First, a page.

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Turning an Ancient Form of Art Into New Income

Chanda Schroff saw how hand-embroidered silk and cotten, a source of local pride in remote India, could generate income for scores of women.

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Chanda Shroff (left) speaks with some of the craftswomen she helped turn into entrepreneurs in Kutch, India.

 

Over 45 years ago, Chanda Shroff was part of a volunteer drought relief mission in India’s isolated northwestern Gujarat state, which had suffered a half decade of drought.

Many local villagers in the state’s Kutch district were near starvation but, staying true to cultural tradition, refused donations or free food. Shroff couldn’t convince them to take handouts.

Then she found herself marveling at the unique, intricate beauty of local Kutch hand embroidery, a skill that had been handed down from mother to daughter for centuries. Shroff, who had a teaching diploma in craftmaking, thought she could help empower artisans by helping them turn items for personal use and home decoration into marketable, income-generating fashion products.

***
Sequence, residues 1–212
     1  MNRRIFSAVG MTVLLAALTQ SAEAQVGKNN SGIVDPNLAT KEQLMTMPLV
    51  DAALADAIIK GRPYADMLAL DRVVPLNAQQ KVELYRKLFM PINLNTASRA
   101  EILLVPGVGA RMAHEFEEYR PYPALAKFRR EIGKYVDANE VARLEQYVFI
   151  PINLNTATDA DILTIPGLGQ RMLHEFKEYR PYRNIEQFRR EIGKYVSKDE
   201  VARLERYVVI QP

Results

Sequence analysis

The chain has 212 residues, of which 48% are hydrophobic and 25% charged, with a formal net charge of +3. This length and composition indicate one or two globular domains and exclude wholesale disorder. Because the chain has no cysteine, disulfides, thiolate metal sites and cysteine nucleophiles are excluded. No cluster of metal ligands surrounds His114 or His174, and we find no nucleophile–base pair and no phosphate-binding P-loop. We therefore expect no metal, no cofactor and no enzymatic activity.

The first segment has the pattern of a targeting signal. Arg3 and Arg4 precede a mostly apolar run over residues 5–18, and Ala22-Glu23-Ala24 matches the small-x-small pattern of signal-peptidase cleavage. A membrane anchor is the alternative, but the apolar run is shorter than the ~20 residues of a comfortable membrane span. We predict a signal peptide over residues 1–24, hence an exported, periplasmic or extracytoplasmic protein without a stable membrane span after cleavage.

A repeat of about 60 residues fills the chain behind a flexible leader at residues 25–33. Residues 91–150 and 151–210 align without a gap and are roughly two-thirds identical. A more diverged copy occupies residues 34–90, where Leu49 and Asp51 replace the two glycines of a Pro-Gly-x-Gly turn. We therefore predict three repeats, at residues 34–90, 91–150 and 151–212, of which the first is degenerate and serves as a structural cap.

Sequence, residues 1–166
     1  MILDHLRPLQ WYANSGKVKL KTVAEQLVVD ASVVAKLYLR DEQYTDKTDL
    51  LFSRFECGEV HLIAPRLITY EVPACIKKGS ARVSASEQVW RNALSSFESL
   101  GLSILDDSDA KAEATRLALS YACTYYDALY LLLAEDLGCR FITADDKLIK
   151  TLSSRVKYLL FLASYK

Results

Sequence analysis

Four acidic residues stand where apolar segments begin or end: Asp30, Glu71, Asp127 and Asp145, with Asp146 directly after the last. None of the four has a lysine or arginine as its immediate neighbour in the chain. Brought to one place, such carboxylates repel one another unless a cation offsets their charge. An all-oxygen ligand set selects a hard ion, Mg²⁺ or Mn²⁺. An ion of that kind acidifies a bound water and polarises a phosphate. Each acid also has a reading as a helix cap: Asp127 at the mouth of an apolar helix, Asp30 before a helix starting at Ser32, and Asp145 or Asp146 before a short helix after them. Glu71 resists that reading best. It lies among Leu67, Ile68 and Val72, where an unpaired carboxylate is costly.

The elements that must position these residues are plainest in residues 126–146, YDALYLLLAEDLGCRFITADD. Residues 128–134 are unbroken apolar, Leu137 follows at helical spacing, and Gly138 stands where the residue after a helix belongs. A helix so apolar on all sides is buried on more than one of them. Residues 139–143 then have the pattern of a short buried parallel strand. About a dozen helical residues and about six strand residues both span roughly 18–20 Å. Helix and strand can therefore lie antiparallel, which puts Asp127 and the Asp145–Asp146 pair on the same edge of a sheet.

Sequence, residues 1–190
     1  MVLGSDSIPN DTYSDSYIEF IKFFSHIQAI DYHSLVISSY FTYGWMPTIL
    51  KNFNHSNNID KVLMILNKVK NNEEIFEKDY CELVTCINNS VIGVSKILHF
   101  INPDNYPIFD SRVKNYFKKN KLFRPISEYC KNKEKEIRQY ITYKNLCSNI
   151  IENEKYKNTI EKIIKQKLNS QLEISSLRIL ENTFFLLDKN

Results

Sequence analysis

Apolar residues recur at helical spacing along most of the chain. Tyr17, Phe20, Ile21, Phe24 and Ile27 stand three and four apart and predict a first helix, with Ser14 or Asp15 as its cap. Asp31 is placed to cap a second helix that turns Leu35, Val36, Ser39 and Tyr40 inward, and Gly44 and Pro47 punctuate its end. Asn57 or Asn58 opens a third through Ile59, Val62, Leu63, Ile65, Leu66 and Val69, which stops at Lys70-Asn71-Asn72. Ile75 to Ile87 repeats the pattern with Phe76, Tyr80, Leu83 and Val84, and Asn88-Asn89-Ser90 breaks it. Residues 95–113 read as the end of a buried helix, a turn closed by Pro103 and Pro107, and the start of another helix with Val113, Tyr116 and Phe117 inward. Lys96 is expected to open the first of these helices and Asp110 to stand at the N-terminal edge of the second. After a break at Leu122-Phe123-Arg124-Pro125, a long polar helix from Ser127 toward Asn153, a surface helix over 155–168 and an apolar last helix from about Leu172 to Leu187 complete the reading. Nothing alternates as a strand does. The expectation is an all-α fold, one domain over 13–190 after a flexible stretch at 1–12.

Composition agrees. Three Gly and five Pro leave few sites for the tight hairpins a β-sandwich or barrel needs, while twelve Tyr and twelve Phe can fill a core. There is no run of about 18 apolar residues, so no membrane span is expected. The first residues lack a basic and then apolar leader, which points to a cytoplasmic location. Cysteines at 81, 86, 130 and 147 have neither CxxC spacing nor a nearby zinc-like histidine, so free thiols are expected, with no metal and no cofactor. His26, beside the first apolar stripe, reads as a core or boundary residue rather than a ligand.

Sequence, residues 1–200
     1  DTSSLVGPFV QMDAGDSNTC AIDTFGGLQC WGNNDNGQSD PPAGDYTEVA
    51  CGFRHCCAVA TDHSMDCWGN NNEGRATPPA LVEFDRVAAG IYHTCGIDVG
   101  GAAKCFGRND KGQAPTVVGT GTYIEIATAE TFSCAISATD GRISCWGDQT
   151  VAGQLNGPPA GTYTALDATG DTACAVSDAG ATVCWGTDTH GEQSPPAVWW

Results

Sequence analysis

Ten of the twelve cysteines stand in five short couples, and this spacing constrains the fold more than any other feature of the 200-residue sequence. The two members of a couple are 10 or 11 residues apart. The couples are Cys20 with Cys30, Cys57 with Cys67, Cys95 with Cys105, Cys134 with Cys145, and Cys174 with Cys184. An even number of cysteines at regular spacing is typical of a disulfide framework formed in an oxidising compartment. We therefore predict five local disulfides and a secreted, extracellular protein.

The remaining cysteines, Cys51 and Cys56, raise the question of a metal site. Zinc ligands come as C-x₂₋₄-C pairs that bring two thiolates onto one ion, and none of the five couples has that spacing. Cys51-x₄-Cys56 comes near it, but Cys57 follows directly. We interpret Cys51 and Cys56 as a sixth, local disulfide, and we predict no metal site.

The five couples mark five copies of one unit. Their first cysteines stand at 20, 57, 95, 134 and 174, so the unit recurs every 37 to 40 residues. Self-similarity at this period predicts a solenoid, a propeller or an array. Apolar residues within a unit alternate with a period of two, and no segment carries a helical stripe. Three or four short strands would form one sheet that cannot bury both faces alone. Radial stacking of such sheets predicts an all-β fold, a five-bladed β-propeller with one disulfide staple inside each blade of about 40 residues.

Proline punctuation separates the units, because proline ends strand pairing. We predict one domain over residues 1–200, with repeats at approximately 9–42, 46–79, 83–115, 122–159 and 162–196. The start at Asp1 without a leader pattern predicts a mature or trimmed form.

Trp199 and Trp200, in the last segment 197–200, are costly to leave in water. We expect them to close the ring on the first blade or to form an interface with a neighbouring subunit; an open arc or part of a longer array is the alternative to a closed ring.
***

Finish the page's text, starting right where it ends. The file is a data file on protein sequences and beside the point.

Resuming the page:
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Shroff (center) meets with embroiderers in the Rabari community of Lodia.


Shroff bought 30 saris and sought 30 women to adorn them with embroidery. Returning to her home in Mumbai, she organized a sale at an art exhibition. They sold out within hours and generated interest for more orders. Schroff distributed the money to the women and soon set up the Bhuj-based Shrujan Trust, a nonprofit that has since helped more than 22,000 women earn money for their embroidery—and revive an ancient art form.

The trust, considered a model for social entrepreneurship, now supports about 3,500 women in more than a hundred villages and has helped give Kutch embroidery to become a global cachet. (Products range from belts, mobile phone covers, and skirts to quilts and wall hangings).

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A new embroidery design comes to life at the hands of Parmaben, an Ahir craftswoman.


“We have shown how traditional craft can be revived and transformed into an enterprise that enables rural women artisans to earn a dignified and sustainable livelihood,’’ says Shroff’s daughter, Ami Shroff, who heads the Shrujan Trust.

In the months before her death at age 83 in July, Chandra Schroff and her family established the Shroff’s Living and Learning Design Center, India’s biggest crafts museum. The nine-acre facility near Ajrakpur includes a crafts training center designed to preserve traditional Kutch crafts and showcase embroidery styles unique to different communities.

Schroff was recognized for her efforts in 2006, when she became the first Indian to win a Rolex Award for Enterprise. The Rolex award funded the Pride and Enterprise mobile resource center, a bus that helped connect craftswomen across Kutch to share embroidery techniques and styles.

National Geographic produced this content as part of a partnership with the Rolex Awards for Enterprise.